Mayflower Place, John Graves Shedd’s wedding gift to his daughter Laura.
By Megan McKinney
As documented in an earlier segment of this series, John Graves Shedd, second president of Marshall Field and Co., could “sell anything.” The New Hampshire farm boy, a high school dropout, was simply born with exquisite taste. Just as the young Mozart would toddle over to the piano to play minuets and scherzos, Shedd appeared to have been born knowing fine laces, tablecloths and such. His instinct told him when he was dealing with fine goods, and this certainty was conveyed to the prospective buyer.
Mayflower Place, another view.
Years later, the merchant’s elder daughter, Laura, would benefit from the unerring Shedd eye when her father selected Frederick Wainwright Perkins to design a superb Lake Forest house for her.
Mayflower Place, Shedd’s 1917 wedding gift to Laura following her 1913 marriage to Charles H. Schweppe, would become a storied mansion in one of the nation’s great centers of fine country homes.
The 25,000-square-foot stately home holds 28 rooms with 10 bedrooms, 11 baths and glorious public spaces that include a formal dining room with mirrored paneling, handsome library and numerous sitting rooms.
The estate appears amazingly fresh and original despite sitting empty for almost a half century followed by a restoration during the 1980s.
It was this and similar Lake Forest and Lake Bluff estates that fired the imaginations of such writers as W. Somerset Maugham and F. Scott Fitzgerald to create a reputation for Chicago as a seat of fine living in America. Fitzgerald’s Daisy Buchanan of Lake Forest and the characters of such filmed books as The Razor’s Edge (1946) below are memorable examples.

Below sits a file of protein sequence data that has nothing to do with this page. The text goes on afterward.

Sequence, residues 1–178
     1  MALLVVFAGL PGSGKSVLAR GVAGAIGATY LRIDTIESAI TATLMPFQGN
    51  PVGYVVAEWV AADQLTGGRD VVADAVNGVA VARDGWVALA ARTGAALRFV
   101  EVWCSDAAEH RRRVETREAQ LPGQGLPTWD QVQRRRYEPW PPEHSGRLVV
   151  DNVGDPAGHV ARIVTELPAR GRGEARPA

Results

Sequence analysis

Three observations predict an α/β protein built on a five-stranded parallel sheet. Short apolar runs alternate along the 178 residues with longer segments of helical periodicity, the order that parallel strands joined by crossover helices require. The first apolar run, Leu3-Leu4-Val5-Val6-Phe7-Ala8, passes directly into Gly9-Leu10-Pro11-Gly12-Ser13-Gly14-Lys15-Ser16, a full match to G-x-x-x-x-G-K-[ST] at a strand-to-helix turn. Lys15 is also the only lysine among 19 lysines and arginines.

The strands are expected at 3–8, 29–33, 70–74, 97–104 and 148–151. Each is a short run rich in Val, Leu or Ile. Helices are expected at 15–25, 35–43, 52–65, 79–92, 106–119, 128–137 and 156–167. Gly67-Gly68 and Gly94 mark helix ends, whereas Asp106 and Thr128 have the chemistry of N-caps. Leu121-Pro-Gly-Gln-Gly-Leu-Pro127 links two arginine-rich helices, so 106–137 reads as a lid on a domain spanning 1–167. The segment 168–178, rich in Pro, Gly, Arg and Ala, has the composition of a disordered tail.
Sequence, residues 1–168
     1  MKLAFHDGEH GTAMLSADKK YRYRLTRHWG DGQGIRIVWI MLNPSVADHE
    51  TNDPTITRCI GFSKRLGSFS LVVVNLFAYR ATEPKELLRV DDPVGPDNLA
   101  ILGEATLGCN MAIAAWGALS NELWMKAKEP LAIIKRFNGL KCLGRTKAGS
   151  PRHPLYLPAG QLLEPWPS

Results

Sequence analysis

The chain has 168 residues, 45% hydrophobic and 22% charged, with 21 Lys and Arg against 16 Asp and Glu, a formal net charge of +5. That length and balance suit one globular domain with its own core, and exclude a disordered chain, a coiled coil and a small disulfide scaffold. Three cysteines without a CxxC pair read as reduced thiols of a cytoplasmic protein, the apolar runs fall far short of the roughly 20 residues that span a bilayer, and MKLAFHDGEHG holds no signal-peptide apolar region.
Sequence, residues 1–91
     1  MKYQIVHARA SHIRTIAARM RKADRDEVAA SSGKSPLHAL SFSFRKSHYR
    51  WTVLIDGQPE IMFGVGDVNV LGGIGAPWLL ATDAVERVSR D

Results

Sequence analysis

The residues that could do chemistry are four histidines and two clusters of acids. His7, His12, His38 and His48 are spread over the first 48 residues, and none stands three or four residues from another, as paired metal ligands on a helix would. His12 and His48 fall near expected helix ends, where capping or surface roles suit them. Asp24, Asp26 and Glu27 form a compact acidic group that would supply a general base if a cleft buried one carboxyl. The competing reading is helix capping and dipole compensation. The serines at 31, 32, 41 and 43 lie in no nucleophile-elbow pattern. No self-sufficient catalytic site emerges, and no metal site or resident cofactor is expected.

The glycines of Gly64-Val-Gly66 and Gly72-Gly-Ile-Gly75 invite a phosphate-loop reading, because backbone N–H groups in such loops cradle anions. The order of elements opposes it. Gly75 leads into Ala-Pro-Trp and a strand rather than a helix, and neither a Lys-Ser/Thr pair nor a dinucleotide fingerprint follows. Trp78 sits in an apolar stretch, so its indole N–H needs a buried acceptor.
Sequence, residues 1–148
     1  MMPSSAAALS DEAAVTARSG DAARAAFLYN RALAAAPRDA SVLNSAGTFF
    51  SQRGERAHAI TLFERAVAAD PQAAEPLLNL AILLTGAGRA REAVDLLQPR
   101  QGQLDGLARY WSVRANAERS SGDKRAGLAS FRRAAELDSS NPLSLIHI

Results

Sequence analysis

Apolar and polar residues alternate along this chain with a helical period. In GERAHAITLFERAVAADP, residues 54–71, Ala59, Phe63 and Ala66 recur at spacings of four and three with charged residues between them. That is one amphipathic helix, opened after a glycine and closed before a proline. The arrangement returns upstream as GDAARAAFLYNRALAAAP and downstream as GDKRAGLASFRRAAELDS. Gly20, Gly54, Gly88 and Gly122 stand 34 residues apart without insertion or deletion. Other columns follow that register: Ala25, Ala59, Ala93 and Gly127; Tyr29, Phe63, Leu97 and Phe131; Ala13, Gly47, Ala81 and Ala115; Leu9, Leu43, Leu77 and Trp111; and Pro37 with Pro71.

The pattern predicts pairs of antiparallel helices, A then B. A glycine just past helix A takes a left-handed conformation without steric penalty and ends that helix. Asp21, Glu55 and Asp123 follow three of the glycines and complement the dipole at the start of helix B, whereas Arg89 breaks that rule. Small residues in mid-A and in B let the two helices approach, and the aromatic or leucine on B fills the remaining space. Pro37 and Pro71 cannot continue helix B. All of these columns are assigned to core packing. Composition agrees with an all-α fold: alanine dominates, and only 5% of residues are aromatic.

However, the magic surrounding Mayflower Place wasn’t entirely storybook; there were the terrace parties with dancing to orchestras in the moonlight among founders of America’s great industries and sometimes even a sprinkling of royalty.
In the summer of 1926, Sweden’s Crown Prince Gustavus Adolphus and his Princess Louise danced on the Schweppe’s eastern terrace at a ball with entertainment provided by Ruth Page, ”premiere danseuse of the Chicago Opera.” The royal couple is seen above at their wedding.
The Duke and Duchess of Windsor were Schweppe guests a decade later; however, the party would soon end. Lovely Laura Shedd Schweppe died suddenly of a heart attack in 1937. She was 58. Amazingly, she left her grieving widower a mere $200,000 of a nearly $10 million estate.
Within another four years , Charles Schweppe was found dead in his bed one morning, a bullet wound in his head. A note on his dresser read, “I’ve been awake all night. It’s terrible.”
For almost a half century, the house was empty, occupied only by two rumored Schweppe ghosts—Laura and Charles—with possibly a few spectral servants caring for them.
Although there is little more to report about Laura and this exquisite estate, we have another generation and a half of the Shedds to review.
Edited by Amanda K. O’Brien
Author Photo by Robert F. Carl
Megan McKinney’s Classic Chicago Dynasties series on the Shedd family will conclude with the forthcoming report on Helen Shedd Reed and the remarkable John Shedd Reed.